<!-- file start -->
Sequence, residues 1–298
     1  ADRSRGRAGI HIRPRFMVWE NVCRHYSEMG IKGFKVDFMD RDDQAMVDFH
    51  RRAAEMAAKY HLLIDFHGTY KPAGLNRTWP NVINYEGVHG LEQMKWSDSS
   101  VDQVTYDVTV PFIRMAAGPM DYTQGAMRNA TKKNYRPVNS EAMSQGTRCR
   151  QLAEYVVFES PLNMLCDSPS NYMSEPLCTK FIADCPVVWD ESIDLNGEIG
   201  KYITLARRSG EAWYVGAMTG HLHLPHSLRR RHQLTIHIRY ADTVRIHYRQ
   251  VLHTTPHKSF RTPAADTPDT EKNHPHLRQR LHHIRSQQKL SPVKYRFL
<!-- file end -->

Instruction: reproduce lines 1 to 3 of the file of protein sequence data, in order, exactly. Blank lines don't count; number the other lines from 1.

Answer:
Sequence, residues 1–298
     1  ADRSRGRAGI HIRPRFMVWE NVCRHYSEMG IKGFKVDFMD RDDQAMVDFH
    51  RRAAEMAAKY HLLIDFHGTY KPAGLNRTWP NVINYEGVHG LEQMKWSDSS